One example is the use of intelligence tools based on social network analysis. As described above (see section on National Defense), NSF funded foundational research on social network analysis117 that the Office of Naval Research and Air Force Research Laboratory then used to develop a suite of mission-specific tools (e.g., organizational risk analysis and AutoMap). These tools allow analysts to examine key questions, such as, “If this actor is removed from the network, who will likely fill the position in the organizational structure?” The tools have been used in Iraq and Afghanistan to identify key tribal leaders, influential individuals, and the resources available to the networks.118
The Worldwide Integrated Crisis Early Warning System (ICEWS), noted above, has leveraged NSF-funded SBE research for tactical, operational, and strategic decision making. ICEWS uses computational models and natural language processing to extract events from newsfeeds and forecast political instability by country. Used by the U.S. Departments of State and Defense and the intelligence community, this system provides data to support policy decisions, understand local conditions, and provide operational insights for commanders. It creates forecasts and data analytic tools to indicate changes in people’s behaviors and activities. For example, ICEWS data forecast the 2012 ouster of President Fernando Lugo of Paraguay.
As another example, NSF and the U.S. Department of Defense have both jointly and independently supported research that has addressed the often subtle relationship between conflict, stability, and development. Specifically, analyses of the economic framework that underpins two popular approaches to counterinsurgency and stability operations revealed that ideology is not a primary driver of support for insurgent or terrorist groups.119 Rather, a population’s support for either a government and its allies or terrorist or insurgent groups is more strongly determined by whichever side can best provide public services, such as food, water, safety, and medical care. These findings were taught and used by the U.S. Army and Marine Corps in fighting the insurgency in Afghanistan, as reflected in changes to the Army counterinsurgency manual, and they were used to redefine the way military commanders use funds for rebuilding and reconstruction in that country.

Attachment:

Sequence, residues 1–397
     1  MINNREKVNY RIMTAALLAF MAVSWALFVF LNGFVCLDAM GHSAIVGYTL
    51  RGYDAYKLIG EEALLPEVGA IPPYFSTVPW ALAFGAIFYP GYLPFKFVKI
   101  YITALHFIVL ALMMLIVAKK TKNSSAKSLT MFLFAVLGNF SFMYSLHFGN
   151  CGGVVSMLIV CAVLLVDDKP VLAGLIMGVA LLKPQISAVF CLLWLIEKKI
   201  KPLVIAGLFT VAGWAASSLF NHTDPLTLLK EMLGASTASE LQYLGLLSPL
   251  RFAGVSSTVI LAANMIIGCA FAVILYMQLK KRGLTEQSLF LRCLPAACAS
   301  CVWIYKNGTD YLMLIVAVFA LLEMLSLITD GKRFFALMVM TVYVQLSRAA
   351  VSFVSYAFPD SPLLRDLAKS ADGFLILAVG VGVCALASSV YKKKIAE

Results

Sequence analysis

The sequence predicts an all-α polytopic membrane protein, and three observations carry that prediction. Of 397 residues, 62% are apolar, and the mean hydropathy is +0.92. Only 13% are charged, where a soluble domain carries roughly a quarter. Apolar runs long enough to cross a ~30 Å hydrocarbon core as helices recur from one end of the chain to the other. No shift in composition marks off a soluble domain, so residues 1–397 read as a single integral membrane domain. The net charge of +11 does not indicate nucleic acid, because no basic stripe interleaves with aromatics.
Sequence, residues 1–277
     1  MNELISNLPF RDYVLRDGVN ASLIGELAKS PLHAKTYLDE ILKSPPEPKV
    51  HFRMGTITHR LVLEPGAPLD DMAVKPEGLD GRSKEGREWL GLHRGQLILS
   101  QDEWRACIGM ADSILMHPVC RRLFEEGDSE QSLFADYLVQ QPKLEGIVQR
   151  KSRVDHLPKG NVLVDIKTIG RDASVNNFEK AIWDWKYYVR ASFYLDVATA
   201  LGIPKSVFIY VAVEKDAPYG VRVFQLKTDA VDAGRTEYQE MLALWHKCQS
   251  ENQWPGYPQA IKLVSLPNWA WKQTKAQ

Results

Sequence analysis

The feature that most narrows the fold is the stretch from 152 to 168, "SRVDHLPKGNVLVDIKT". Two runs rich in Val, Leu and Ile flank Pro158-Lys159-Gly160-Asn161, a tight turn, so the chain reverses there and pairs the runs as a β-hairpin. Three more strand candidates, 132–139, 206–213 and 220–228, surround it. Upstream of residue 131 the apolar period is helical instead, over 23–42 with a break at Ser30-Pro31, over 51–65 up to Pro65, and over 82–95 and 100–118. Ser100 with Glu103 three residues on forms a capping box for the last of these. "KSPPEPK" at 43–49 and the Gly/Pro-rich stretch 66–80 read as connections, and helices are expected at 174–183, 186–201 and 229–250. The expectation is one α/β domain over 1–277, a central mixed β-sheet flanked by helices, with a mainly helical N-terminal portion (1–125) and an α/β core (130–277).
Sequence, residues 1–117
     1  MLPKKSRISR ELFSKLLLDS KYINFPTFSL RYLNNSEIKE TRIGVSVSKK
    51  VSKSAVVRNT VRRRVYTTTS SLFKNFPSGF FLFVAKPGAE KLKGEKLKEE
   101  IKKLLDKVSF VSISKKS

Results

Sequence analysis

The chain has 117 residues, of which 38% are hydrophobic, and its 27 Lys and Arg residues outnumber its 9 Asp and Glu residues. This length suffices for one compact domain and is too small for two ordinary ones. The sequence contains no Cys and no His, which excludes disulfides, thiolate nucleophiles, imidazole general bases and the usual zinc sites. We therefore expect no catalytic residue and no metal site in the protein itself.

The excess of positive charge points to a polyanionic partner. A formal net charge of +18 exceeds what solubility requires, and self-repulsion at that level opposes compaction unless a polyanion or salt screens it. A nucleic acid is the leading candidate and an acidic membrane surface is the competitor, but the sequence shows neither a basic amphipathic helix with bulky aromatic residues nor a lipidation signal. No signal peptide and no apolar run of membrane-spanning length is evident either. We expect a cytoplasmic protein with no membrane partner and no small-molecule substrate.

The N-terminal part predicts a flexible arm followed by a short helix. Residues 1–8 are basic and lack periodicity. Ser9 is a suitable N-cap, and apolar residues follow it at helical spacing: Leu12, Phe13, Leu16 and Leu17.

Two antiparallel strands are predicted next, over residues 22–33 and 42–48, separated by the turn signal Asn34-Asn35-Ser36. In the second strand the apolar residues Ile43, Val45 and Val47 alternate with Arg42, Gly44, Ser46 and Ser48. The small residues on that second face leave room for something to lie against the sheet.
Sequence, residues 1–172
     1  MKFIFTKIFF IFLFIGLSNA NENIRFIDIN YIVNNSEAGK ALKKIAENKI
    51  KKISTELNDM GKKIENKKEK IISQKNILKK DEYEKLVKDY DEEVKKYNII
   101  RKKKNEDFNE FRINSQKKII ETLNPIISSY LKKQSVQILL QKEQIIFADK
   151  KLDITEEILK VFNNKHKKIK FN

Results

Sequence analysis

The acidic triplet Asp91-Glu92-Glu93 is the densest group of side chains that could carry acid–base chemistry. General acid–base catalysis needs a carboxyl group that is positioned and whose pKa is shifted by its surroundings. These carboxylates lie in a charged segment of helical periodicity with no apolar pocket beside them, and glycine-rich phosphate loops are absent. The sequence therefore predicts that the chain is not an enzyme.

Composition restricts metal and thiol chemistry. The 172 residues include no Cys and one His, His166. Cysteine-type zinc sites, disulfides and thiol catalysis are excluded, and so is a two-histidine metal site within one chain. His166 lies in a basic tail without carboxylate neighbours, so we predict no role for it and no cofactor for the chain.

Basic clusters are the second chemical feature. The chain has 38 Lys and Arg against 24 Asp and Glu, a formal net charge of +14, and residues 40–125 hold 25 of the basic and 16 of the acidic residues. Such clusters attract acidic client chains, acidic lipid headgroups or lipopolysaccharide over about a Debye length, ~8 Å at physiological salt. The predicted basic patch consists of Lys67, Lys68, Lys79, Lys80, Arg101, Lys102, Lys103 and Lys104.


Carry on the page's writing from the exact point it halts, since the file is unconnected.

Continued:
Finally, since 2006 the Marine Corps Center for Advanced Operational Culture and Language has equipped Marines with the cultural skills and information required to function in complex operational environments around the globe. The center’s approach is founded on basic social science theory from multiple sciences, among them communication sciences, cultural anthropology, geography, political science, social psychology, and sociology. Marines are taught transferrable concepts and skills that they can use to engage with different cultures. SBE findings, theories, and methods are also used to develop regional and culture-specific content for the Marine Corps’ education and training programs, as well as to help the Marine Corps and other U.S. Department of Defense organizations meet challenges associated with stress and resilience and organizational change.
Use of anthropological and ethnographic methods played an important role in containing the 2014 Ebola epidemic in Guinea, Liberia, and Sierra Leone. Anthropologists helped to save lives in these nations and to contain the disease, which had the potential to become a global threat. For example, because traditional methods of burial that call for the washing and touching of the dead are believed to have been responsible for 70 percent of new cases of infection in Sierra Leone,120 anthropologists developed a burial framework that allowed local people to see the body, but not have direct contact with it, and to include burial objects in the body bag prior to burial.121 The success of anthropologists as mediators in these situations led Médecins Sans Frontières (Doctors Without Borders) to include anthropologists as part of their outbreak response to increase understanding and to facilitate relationships with local populations.122 Similarly, the World Health Organization is recruiting anthropologists to join its Ebola Virus Disease Outbreak Response Teams to advise on social, cultural, and behavioral factors involved in the spread of Ebola worldwide.123
CONCLUSION 2 The understanding, tools, and methods provided by the social, behavioral, and economic sciences—including research supported by the National Science Foundation—provide an essential foundation that helps other agencies achieve their missions.